Ike Turner 1951-1954
|You Save:||$3.10 (10% Off)|
Currently Out of Stock: We'll get more as soon as possible
by Ike Turner ~ Risin' With the Blues ~ $18.55
- Released: June 22, 2006
- Label: Classics R&B
- 1.Heartbroken and Worried
- 2.I'm Lonesome Baby
- 3.You're Driving Me Insane
- 4.Troubles and Heartaches
- 5.Everybody's Talking
- 6.Love Is a Gamble
- 7.My Heart Belongs to You
- 8.Looking for My Baby
- 9.Way Down in the Congo
- 10.Old Brother Jack
- 11.Love Is a Gamble
- 12.Love Is Scarce
- 13.The Way You Used to Treat Me
- 14.Nobody Wants Me
- 15.Nobody Seems to Want Me
- 16.Why Did You Leave Me
- 17.Cubano Jump (Hey Miss Tina)
- 18.Loosely (The Wild One)
- 19.Cuban Get Away (Bayou Rock)
- 20.Go to It (Stringin' Along)
- 21.All the Blues, All the Time
Personnel: Ike Turner (vocals, guitar, saxophone); Ike Turner; Dennis Binder (vocals, piano); Billy 'the Kid' Emmerson, Jackie Brenston (vocals); Bobby Fields (guitar, tenor saxophone, piano); Willie Kizart, Calvin Newborn (guitar); James Wheeler (saxophone); Ben Burton, Phineas Newborn, Sr., Willie Sims (drums); Bonnie Turner (vocals, piano).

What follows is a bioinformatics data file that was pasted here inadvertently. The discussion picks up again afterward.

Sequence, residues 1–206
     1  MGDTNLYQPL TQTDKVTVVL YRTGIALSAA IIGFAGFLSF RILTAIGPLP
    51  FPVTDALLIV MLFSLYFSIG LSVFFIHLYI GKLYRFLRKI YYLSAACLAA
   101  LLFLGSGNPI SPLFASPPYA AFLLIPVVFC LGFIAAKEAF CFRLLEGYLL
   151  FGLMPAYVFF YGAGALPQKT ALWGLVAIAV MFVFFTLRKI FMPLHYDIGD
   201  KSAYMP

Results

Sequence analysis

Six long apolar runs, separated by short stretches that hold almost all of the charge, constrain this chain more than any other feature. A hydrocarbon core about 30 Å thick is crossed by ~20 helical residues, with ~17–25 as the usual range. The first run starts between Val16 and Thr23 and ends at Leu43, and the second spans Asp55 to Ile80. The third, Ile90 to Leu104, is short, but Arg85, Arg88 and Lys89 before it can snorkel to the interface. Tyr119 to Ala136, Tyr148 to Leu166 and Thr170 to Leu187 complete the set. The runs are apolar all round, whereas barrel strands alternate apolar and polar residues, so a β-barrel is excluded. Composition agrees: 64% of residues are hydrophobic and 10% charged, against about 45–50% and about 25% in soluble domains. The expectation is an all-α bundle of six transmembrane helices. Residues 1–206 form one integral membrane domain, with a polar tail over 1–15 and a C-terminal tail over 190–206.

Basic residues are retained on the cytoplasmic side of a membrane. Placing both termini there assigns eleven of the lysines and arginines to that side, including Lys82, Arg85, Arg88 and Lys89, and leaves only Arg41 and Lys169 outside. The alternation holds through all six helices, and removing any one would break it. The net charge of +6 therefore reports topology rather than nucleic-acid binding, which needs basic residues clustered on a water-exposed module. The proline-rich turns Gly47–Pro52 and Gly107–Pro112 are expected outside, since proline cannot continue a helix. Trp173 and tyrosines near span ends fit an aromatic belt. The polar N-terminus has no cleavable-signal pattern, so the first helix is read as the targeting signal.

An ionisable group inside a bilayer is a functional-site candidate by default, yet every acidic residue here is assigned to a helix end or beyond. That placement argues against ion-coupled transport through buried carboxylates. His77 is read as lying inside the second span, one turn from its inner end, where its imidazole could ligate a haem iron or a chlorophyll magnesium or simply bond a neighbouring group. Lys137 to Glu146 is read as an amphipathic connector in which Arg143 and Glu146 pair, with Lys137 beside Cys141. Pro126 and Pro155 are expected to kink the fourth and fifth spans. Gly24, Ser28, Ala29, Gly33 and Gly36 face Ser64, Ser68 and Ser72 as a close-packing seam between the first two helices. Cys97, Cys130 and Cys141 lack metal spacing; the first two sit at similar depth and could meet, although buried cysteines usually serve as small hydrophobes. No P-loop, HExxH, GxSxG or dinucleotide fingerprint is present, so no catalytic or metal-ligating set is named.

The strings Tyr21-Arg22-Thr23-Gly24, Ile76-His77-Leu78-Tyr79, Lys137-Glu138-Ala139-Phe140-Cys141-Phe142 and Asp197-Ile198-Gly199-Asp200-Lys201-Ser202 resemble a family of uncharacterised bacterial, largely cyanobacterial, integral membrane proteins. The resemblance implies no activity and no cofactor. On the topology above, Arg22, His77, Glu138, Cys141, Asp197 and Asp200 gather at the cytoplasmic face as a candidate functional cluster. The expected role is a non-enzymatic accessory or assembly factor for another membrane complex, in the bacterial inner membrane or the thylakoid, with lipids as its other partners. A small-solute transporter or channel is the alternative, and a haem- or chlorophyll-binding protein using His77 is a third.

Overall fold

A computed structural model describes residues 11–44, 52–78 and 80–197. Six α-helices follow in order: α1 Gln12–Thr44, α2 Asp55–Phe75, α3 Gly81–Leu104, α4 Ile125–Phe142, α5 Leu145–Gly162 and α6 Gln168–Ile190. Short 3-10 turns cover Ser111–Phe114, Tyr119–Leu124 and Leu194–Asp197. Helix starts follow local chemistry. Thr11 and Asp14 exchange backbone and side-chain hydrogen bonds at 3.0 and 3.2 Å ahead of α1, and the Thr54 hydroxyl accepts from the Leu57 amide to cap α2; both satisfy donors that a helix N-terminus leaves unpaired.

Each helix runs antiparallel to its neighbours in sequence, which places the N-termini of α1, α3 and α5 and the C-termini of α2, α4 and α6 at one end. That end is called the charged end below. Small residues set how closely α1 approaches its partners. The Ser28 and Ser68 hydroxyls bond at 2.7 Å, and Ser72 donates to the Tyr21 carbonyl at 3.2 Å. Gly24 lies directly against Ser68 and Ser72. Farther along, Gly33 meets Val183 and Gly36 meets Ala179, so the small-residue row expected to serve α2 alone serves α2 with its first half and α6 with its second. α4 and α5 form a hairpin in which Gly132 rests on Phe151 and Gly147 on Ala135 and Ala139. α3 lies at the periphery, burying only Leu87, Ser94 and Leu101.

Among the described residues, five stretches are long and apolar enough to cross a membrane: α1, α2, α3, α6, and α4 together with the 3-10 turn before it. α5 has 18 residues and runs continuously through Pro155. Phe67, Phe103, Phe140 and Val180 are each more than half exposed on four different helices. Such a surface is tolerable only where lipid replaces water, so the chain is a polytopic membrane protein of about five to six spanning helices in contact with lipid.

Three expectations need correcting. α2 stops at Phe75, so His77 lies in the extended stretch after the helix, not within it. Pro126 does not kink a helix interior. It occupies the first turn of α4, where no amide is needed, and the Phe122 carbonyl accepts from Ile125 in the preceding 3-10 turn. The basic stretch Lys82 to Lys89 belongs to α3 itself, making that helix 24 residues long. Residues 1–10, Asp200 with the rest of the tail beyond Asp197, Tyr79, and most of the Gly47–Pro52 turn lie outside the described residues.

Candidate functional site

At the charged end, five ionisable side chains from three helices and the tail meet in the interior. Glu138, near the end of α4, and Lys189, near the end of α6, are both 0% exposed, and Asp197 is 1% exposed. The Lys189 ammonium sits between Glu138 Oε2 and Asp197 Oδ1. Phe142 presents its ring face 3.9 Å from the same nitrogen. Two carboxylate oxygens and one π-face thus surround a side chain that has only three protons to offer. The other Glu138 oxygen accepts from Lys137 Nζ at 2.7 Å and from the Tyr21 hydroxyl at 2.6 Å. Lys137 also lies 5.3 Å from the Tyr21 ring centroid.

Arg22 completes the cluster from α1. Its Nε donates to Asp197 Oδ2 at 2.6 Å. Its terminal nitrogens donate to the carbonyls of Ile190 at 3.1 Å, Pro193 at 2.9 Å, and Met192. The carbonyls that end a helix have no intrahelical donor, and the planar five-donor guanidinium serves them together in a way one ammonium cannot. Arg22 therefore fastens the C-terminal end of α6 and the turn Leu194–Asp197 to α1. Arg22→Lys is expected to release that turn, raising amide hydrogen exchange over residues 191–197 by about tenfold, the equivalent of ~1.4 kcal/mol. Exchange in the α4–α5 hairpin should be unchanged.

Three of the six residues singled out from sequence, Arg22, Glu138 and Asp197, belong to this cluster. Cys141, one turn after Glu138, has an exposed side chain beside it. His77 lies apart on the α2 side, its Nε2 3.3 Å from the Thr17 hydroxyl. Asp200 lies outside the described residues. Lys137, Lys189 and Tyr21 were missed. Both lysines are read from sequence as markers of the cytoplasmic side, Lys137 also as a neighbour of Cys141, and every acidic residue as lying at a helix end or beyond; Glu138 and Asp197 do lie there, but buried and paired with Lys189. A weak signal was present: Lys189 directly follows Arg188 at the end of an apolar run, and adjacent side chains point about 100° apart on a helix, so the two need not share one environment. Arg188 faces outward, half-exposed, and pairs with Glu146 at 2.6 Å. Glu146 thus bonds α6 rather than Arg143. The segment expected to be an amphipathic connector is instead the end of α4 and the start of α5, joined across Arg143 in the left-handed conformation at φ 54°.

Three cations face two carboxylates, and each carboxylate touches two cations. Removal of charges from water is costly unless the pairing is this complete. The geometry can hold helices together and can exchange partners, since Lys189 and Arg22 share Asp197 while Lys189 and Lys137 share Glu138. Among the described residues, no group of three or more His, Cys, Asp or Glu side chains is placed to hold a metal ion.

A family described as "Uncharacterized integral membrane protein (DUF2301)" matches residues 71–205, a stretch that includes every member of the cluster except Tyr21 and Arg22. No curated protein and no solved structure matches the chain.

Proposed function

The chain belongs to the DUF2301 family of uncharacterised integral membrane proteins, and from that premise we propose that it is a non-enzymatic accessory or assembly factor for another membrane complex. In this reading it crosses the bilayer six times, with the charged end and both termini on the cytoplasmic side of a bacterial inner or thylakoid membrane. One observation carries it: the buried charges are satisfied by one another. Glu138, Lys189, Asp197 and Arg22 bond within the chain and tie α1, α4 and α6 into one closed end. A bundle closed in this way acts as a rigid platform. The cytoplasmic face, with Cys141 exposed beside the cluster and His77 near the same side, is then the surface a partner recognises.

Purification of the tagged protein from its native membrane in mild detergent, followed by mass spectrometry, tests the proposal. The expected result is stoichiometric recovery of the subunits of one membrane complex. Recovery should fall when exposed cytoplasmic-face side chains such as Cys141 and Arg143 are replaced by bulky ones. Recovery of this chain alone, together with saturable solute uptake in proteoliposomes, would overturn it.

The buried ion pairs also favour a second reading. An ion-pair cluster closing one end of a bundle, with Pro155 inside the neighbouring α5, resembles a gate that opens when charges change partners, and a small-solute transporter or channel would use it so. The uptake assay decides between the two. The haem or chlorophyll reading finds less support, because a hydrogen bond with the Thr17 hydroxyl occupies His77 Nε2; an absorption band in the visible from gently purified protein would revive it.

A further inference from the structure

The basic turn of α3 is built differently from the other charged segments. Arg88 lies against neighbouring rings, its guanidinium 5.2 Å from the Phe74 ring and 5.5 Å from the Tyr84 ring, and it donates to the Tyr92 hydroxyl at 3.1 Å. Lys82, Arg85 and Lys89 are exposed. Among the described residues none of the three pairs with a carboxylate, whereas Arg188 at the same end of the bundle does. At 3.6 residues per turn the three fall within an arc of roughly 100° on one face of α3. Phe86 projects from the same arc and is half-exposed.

Liner Note Author: Dave Penny.
Recording information: Clarksdale, MS (03/03/1951-??/??/1954); Memphis (03/03/1951-??/??/1954).
Classics' 1951-1954 collects 21 sides from the early days of Ike Turner's long and winding career. The songs were originally released on a variety of top labels like Chess, PRM, Modern, Sun, and Flair and feature Turner in a variety of settings: in Kings of Rhythm with Jackie Brenston on vocals, fronting a big band, backing and duetting with Bonnie Turner, and playing with Lover Boy. The songs are a mix of bluesy ballads and hot-wired jump blues with Turner's piano bopping like soda pop and the beats pretty darn close to rock & roll. The duets with Bonnie Turner are the most fun; her innocent and perky vocals sound like a kitten about to be eaten by Turner's wolf. They also feature him on guitar for the first time, and showcase his primitive and fierce style. The instrumentals cut for Flair in 1954 are also lots of fun, as Turner gets loose on some wild rockers like "Cubano Jump" and "Go to It." Topping it off is 1954's very cool "All Blues, All the Time," which features him soloing in the style of blues masters like Elmore James, Muddy Waters, John Lee Hooker, and B.B. King. 1951-1954 is just one of many collections that showcase the young Turner's skills; it is also one of the best. ~ Tim Sendra
Music Lovers' Ratings & Reviews:
Be the first Music Lover to write an online review of this product!